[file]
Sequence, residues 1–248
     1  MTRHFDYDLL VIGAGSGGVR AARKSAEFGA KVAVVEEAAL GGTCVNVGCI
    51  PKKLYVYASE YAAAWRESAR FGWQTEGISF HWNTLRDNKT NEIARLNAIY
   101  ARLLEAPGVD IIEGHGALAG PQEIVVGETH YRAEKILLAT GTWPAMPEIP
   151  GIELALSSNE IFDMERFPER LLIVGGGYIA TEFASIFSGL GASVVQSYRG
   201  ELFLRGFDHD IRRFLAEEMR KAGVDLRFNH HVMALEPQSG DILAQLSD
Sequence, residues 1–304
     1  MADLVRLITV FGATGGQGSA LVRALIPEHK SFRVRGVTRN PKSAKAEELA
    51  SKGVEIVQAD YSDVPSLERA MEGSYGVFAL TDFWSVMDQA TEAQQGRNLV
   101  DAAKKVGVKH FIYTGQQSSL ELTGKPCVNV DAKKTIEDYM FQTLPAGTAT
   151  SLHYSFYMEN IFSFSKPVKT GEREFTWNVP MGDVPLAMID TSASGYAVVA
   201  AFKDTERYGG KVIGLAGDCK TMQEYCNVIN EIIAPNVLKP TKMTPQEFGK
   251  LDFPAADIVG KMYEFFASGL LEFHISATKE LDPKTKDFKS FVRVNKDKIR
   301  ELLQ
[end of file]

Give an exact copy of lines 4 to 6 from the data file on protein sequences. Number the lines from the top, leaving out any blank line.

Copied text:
   101  ARLLEAPGVD IIEGHGALAG PQEIVVGETH YRAEKILLAT GTWPAMPEIP
   151  GIELALSSNE IFDMERFPER LLIVGGGYIA TEFASIFSGL GASVVQSYRG
   201  ELFLRGFDHD IRRFLAEEMR KAGVDLRFNH HVMALEPQSG DILAQLSD